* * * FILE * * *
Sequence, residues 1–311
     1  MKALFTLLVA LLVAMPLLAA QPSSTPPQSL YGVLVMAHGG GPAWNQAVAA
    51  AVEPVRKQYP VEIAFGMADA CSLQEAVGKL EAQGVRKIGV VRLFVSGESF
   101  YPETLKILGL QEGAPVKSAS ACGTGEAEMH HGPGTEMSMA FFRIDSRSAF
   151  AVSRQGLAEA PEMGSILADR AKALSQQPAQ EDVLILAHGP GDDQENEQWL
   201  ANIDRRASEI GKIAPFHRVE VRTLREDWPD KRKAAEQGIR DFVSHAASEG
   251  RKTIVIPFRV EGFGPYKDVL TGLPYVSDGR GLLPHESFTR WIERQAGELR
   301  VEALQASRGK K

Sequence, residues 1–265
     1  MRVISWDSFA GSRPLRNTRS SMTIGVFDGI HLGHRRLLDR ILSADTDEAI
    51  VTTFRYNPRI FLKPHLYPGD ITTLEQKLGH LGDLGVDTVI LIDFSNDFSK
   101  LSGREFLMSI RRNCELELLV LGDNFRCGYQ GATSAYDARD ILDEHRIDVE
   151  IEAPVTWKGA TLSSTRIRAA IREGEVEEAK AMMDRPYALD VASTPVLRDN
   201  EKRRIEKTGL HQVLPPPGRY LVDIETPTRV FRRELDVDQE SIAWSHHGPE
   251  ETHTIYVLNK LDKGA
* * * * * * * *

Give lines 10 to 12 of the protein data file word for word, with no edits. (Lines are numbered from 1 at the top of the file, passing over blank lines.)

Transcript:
     1  MRVISWDSFA GSRPLRNTRS SMTIGVFDGI HLGHRRLLDR ILSADTDEAI
    51  VTTFRYNPRI FLKPHLYPGD ITTLEQKLGH LGDLGVDTVI LIDFSNDFSK
   101  LSGREFLMSI RRNCELELLV LGDNFRCGYQ GATSAYDARD ILDEHRIDVE